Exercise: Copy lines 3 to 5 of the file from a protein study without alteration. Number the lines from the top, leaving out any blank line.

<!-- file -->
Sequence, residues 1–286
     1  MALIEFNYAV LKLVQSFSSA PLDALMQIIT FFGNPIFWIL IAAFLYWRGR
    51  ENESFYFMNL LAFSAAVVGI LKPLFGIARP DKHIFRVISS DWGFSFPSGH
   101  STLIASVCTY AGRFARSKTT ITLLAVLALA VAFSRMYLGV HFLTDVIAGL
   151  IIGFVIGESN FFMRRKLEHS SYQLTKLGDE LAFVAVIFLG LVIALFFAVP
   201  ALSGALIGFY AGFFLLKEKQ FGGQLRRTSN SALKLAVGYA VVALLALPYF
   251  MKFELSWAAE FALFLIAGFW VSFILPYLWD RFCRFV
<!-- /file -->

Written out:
    51  ENESFYFMNL LAFSAAVVGI LKPLFGIARP DKHIFRVISS DWGFSFPSGH
   101  STLIASVCTY AGRFARSKTT ITLLAVLALA VAFSRMYLGV HFLTDVIAGL
   151  IIGFVIGESN FFMRRKLEHS SYQLTKLGDE LAFVAVIFLG LVIALFFAVP